[lit-ideas] Re: The Philosopher Who Died of the Disease of Cancer

  • From: David Ritchie <ritchierd@xxxxxxxxxxxxx>
  • To: <lit-ideas@xxxxxxxxxxxxx>
  • Date: Thu, 03 Jun 2004 16:35:26 -0700

on 6/1/04 6:57 AM, Stephen Straker at straker@xxxxxxxxxxxxxxxxxx wrote:

> Sorry to be so negative ...
> To make up for this, allow me to recommend the indescribably
> wonderful *Austerlitz* by the recently departed WG Sebald.
> (Among other possibilities, you could count it as a serious
> study of consciousness.)

    I'm reading this.  I wonder whether others are?  So far I'm experiencing
a tension: I'm both engaged and put off simultaneously.  I like some of the
book's eccentricities, suggesting that, for example, a fortresses amounted
to signals to the enemy re. what you consider to be the weakest point in
your defences (tell that to the Crusaders) but the narrator's voice points
me towards *unconsciousness* rather than consciousness.  Sometimes it drones
on and on:

I looked out at the flat, almost treeless landscape, the vast brown expanse
of the plowed fields, the railway stations where I would never get out, the
flock of gulls which makes a habit of gathering on the football pitch on the
outskirts of Ipswich, the allotments, the crippled bushes overgrown with
dead traveler's joy on the embankments, the quicksilver mudflats and
channels at Manningtree, the boats capsized on their sides, the Colchester
water tower, the Marconi factory in Chelmsford, the empty greyhound track at
Romford, the ugly backs of the terraced houses past which the railway line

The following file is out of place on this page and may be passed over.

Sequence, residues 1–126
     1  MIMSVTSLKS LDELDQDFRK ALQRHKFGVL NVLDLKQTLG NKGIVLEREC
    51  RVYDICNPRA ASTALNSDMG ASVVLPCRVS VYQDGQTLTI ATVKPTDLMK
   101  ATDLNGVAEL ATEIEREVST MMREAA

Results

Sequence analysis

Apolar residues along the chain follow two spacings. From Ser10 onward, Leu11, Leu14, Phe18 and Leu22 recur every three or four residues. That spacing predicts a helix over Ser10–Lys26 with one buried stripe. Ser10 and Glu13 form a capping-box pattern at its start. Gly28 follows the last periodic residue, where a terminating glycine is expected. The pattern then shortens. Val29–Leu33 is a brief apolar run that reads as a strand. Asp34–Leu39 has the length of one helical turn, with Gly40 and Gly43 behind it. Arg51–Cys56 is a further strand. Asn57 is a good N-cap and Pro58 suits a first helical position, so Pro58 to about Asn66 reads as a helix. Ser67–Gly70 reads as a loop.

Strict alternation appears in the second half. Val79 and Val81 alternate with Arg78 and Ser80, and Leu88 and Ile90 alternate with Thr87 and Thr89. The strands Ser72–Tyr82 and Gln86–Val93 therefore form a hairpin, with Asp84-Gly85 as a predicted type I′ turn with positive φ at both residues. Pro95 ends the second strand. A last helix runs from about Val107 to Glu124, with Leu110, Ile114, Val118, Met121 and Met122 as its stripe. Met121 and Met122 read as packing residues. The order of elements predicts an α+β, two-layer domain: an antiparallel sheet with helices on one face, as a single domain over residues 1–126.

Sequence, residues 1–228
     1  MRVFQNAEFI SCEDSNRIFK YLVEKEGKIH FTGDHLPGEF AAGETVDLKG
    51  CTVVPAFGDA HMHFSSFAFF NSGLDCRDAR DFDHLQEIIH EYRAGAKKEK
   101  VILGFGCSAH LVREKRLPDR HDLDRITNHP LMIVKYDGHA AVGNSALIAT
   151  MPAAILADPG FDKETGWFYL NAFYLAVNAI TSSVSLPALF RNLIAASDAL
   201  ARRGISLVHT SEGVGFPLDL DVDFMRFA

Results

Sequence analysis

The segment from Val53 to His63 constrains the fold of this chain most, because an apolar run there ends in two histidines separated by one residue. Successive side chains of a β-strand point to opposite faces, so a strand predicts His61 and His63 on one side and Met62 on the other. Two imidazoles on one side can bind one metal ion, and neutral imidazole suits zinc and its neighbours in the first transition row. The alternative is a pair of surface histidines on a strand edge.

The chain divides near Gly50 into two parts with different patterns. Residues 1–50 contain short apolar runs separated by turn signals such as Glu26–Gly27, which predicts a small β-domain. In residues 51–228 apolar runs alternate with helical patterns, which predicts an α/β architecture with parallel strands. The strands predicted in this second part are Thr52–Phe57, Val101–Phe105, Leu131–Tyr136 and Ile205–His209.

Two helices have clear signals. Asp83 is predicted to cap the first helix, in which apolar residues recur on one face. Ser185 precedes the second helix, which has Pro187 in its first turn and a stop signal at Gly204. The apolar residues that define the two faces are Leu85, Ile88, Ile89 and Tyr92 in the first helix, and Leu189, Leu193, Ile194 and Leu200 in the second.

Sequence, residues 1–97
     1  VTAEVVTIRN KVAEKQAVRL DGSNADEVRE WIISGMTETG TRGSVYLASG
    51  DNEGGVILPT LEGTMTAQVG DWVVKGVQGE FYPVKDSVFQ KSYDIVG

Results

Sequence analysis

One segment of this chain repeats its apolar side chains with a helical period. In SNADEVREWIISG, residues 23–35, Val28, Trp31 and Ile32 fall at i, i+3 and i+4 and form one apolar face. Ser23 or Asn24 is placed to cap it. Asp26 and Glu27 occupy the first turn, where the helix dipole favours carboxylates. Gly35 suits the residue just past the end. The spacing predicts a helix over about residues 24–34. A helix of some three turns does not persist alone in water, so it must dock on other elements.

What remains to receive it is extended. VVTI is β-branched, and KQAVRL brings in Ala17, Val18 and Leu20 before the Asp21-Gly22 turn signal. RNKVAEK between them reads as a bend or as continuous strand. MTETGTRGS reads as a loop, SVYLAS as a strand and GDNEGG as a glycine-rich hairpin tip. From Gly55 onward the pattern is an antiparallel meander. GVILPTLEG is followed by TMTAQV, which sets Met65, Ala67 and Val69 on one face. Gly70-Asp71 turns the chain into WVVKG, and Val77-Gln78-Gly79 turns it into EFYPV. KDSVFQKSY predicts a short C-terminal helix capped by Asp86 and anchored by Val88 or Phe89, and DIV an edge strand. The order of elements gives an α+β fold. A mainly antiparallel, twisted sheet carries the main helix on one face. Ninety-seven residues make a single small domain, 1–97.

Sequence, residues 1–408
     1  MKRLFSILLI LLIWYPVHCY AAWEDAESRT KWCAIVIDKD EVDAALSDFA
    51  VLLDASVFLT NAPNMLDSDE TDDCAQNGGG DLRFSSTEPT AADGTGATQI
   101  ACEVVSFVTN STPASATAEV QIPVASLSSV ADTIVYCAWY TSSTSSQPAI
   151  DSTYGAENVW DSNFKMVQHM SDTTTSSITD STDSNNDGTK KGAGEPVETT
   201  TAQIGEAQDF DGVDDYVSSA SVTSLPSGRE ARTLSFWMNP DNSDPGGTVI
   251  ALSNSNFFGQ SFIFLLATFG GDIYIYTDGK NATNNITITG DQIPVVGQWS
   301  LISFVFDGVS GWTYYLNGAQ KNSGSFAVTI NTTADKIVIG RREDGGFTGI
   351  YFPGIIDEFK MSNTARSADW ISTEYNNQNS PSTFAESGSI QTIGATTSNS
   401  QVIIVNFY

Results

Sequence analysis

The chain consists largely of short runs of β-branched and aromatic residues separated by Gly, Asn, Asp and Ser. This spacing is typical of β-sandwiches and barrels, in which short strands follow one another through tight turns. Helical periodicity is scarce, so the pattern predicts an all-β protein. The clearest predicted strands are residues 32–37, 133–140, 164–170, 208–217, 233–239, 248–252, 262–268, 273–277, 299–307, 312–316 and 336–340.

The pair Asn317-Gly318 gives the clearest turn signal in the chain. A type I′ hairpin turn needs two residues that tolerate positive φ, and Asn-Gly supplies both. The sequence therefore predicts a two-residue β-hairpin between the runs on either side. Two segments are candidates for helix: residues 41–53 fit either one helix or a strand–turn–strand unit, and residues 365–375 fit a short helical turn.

runs in the suburbs of the metropolis, the Manor Park cemetery and the tower
blocks of flats in Hackney, sights which are always the same and flit past
me whenever I go to London, yet remain alien and incomprehensible in spite
of all the years that have passed since my arrival in England.

    I'm reminded of the way in which Monty Python characters would give
laborious instructions on how to take the B351 past Basingstoke and then the
A99 through the roundabout...  Sebald captures the dullness of grey days in
Belgium and Britain just perfectly.


    But I'm going to carry on; when was the last time Stephen recommended a
book this highly?  Will anyone join me?

    Finally, I have a silly question, one of those things that nags if you
don't put it to bed: can those German speakers amongst you imagine this as
something a German speaker who is fluent in English would say, "died of the
disease of cancer"?  The reference is to Wittgenstein, but that makes no
difference.  You'll find me, and the phrase, on page forty.

David Ritchie
Portland, Oregon

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